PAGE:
Butler consistently leaned on his mic stand in a cocksure pose throughout the set, soaking up the supportive vibe from the crowd as well as the groove his band was locked into as well, with "Run And Run" and "Mr. Jones" both taking on an added vibrancy in a live setting. "Thank you. It's great to be back!" Butler exclaimed at one point, bouncing around energetically as if to prove how excited he was to be playing First Ave again. And indeed, the raucous, animated rendition of "Heartbreak Beat" only gave added credence to his warm words.

"The Ghost In You," "No Easy Street," and "She Is Mine" all sounded elegant and earnest, but it was a highly charged take on an unannounced new track, "Little Miss World," which not only gave the middle of the set an extra spark, but also caught the attention of the Furs dedicated fans who are just hoping there is more new material on its way.

The set charged to a close with an edgy rendition of Love Spit Love's "Believe," which featured Richard singing the brash, spirited chorus into a megaphone while his brother Tim locked down the pulse of the track, as he did all evening long. A bouncy version of "Danger" kept the performance rolling, with the stellar sax work of Mars Williams adding a funky undertone to the upbeat number. "Pretty in Pink" found the band bathed in pink lights, which would have seemed a touch overblown if this wasn't the Furs and it wasn't "Pretty in Pink," as pure and passionate of a pop confection as has even been written. Richard was bounding around the stage throughout the vibrant song, as if this was the first, not the thousandth, time he's ever sang the indelible number.

A moody, fervent take on "Highwire Days" quickly followed, with Richard preening and pretending to balance on a wire while he delivered his incisive lyrics. Butler does tend to act out his lyrics throughout the set, which surprisingly only adds to his charm while infusing the material with a playful visual accompaniment. A soaring version of "Heaven" ended the main set, seeing the band off to a well-earned ovation.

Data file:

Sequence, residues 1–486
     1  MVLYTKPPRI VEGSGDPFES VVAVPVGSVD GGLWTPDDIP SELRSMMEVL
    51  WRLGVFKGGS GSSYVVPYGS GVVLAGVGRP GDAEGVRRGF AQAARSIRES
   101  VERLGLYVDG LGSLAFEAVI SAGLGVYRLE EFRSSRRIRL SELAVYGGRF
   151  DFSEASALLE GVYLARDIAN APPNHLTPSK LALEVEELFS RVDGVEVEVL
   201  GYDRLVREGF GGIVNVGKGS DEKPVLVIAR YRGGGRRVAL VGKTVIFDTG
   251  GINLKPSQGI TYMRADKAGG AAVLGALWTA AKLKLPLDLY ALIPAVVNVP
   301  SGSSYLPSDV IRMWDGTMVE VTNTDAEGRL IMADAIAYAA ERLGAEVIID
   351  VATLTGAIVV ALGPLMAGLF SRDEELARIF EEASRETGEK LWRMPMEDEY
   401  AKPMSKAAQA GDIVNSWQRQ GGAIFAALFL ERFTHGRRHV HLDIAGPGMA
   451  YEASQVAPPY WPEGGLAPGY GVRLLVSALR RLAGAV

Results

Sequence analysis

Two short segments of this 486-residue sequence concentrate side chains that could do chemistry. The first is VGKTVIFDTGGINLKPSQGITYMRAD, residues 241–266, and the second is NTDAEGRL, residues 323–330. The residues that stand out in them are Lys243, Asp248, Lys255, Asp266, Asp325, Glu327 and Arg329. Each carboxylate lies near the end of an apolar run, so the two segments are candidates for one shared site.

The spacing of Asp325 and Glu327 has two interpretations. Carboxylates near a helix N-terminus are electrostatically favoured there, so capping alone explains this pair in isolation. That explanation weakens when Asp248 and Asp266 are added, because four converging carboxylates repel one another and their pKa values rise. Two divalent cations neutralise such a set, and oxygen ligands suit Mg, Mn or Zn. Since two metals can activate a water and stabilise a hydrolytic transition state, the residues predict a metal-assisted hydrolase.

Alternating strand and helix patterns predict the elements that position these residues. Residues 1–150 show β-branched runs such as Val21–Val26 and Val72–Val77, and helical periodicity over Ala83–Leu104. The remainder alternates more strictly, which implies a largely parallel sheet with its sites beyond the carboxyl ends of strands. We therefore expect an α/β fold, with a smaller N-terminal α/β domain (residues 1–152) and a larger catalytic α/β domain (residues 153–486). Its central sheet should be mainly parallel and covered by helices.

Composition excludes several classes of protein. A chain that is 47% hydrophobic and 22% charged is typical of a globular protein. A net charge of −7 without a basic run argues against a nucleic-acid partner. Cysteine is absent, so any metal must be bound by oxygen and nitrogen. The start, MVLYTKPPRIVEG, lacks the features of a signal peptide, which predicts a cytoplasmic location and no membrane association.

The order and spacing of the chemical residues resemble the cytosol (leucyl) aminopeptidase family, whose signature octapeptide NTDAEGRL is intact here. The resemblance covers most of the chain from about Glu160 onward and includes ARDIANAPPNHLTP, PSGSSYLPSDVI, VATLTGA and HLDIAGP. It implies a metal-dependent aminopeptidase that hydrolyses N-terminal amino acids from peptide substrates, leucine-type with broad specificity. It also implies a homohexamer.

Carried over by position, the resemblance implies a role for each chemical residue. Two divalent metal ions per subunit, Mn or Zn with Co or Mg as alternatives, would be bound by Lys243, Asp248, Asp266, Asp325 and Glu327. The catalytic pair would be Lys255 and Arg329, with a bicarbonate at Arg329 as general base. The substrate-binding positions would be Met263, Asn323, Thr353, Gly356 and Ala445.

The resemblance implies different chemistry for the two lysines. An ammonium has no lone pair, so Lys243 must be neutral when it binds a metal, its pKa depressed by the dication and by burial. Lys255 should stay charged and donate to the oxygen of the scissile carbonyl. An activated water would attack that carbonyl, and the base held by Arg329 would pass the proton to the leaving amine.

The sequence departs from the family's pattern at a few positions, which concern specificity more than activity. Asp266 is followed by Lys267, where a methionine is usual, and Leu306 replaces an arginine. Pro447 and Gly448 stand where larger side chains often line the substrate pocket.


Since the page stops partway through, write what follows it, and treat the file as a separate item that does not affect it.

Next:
The quick-hitting two song encore kicked off with the timely and tempestuous "President Gas," and was followed by an abrasive and experimental take on "India," which found Richard on his knees at the start of the track, orchestrating the swelling atmospherics of the song. Rather than resting on the laurels of their past performances and phoning it in on a Sunday night, the Psychedelic Furs came out with more energy and passion than most bands half their age, and showed there isn't any dust on their enduring catalog of hits while also delivering a brand new song that gives hope that more new material is on its way.

Critic's Notebook:

Personal Bias: I go back a ways with both of these bands, but I saw them both within the last year at the same venue, and wasn't sure what to expect from this somewhat peculiar pairing. I was pleasantly surprised by both sets.

The Crowd: Definitely skewed older than most First Ave shows, but everyone was out to have fun for the night, and the drinks were definitely flowing.

Overheard In The Crowd: "I haven't ever been this excited by a sax solo!"

Random Notebook Dump: The sax solos were indeed quite awesome.

The Lemonheads Setlist:

Down About It

Confetti

Hospital

My Drug Buddy

Break Me

Mallo Cup

It's About Time

Style

Ride With Me

Dawn Can't Decide

It's A Shame About Ray

Stove

Tenderfoot

Rudderless


The Psychedelic Furs Setlist:

Only You And I

Love My Way

Run And Run

Mr. Jones

Heartbreak Beat

The Ghost In You

No Easy Street

She Is Mine

Little Miss World (New Song)

All Of This And Nothing

Believe

Danger

Pretty In Pink

Highwire Days

Heaven

President Gas (Encore)

India (Encore)